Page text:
مدیریت منابع پویا بر اساس کنترل بازخورد در سیستم های زمان واقعی توزیع شده
|کد مقاله||سال انتشار||تعداد صفحات مقاله انگلیسی||ترجمه فارسی|
|10405||2007||8 صفحه PDF||سفارش دهید|
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|شرح||تعرفه ترجمه||زمان تحویل||جمع هزینه|
|ترجمه تخصصی - سرعت عادی||هر کلمه 90 تومان||10 روز بعد از پرداخت||551,700 تومان|
|ترجمه تخصصی - سرعت فوری||هر کلمه 180 تومان||5 روز بعد از پرداخت||1,103,400 تومان|
Publisher : Elsevier - Science Direct (الزویر - ساینس دایرکت)
Journal : Journal of Systems and Software, Volume 80, Issue 7, July 2007, Pages 997–1004
The resource management in distributed real-time systems becomes increasingly unpredictable with the proliferation of data-driven applications. Therefore, it is inefficient to allocate the resources statically to handle a set of highly dynamic tasks whose resource requirements (e.g., execution time) are unknown a prior. In this paper, we build a distributed real-time system based on the control theory, focusing on the computational resource management. Specifically, this work makes three important contributions. First, it allows the designer to specify the desired temporal behavior of system adaptation, such as the speed of convergence. This is in contrast to previous literature, specifying only steady-state metrics, e.g. the deadline miss ratio. Second, unlike QoS optimization approaches, our solution meets performance guarantees with no accurate knowledge of task execution parameters – a key advantage in a poorly modeled environment. Last, in contrast to ad hoc algorithms based on intuition and testing, we rigorously prove that our approach not only has excellent steady state behavior, but also meets stability, overshoot, and settling time requirements.
Distributed real-time systems are widely used in highly dynamic environments where the resource requirements are open, fluctuating and not amenable to the traditional worst-case real-time analysis. For example, a web farm can be used to distribute time-sensitive contents such as movies and video clips. They need to handle a changing number of requests with significantly different resource requirements that are unknown beforehand. In a stock market, a system needs to actively push real-time stock updates at various interval to a group of users. The number of users served by a server can change quickly over time. Although these systems differ significantly in term of applications, they all operate in open environments where both workloads and available resources are difficult to predict. Monitoring and feedback control are needed to meet performance constraints. Several difficulties are observed in dynamic resource management in these systems. One main difficulty lies in their data-dependent resource requirements, which cannot be predicted without interpreting input data. For example, the execution time of an information server (a web or database server) heavily depends on the content of requests, such as the particular web page requested. A second major challenge is that these systems have highly uncertain arrival workloads; it is not clear how many users will request some resource in the web. A third challenge involves the complex interactions among many distributed sites, often across an environment with poor or unpredictable timing behavior. Consequently, developing certain types of future real-time systems will involve techniques for modeling the unpredictability of the environment, handling imprecise or incomplete knowledge, reacting to overload and unexpected failures (i.e., those not expressed by design-time failure hypotheses), and achieving the required performance levels and temporal behavior. We envision a trend in real-time computing to provide performance guarantees without the requirement of fine-grained task execution models, such as those depending on the precise estimation of individual task execution times. We shall see the emergence of coarse-grained models that describe the aggregate behavior of resource requirements. Coarse-grained models are easier to obtain and they need not be accurately computed. These models are more appropriate for dynamic resource management in the presence of uncertainties regarding load and resources. In this paper, we explore one such model based on difference equations. Unlike the more familiar queuing theory models of aggregate behavior, difference equation models do not make assumptions regarding the statistics of the load arrival process. Independent of the load assumptions, difference equation models are more suitable for systems where load statistics are difficult to obtain or where the load does not follow a distribution that is easy to handle analytically. The latter is the case, for example, with web traffic, which cannot be modeled by a Poisson distribution. Our solution has a basis in the theory and practice of feedback control scheduling. This is in contrast to the more common ad hoc resource management based on intuition and testing where it is very difficult to characterize the aggregate performance of the system and where major overloads and/or anomalous behavior can occur since these designs are not developed to avoid these problems.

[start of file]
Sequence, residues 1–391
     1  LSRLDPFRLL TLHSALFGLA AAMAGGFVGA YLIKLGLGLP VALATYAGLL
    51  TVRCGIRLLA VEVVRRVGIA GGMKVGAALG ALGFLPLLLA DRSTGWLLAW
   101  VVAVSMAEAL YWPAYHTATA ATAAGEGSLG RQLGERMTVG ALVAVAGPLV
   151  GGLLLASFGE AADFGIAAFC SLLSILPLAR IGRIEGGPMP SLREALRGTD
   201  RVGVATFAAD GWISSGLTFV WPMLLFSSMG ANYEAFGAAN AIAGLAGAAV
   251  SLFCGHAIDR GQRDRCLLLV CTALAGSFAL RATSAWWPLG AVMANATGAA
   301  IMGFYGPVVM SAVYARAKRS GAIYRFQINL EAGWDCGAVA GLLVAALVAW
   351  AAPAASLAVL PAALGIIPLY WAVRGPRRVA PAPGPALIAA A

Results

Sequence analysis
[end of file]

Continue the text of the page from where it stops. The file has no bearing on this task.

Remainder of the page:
نتیجه گیری انگلیسی
To support data-driven applications with unpredictable and changing resource requirements, we develop here an effective computational resource management system, called DFCS, based on the feedback control. Different form other ad hoc approaches, DFCS has a basis in the theory. We have rigorously proven that our approach not only has excellent steady state behavior, but also meets stability, overshoot, and settling time requirements. We have demonstrated that DFCS is a better option for distributed resource management, than QoS (Adbelzaher et al., 2000) and DQM (Brandt et al., 1998).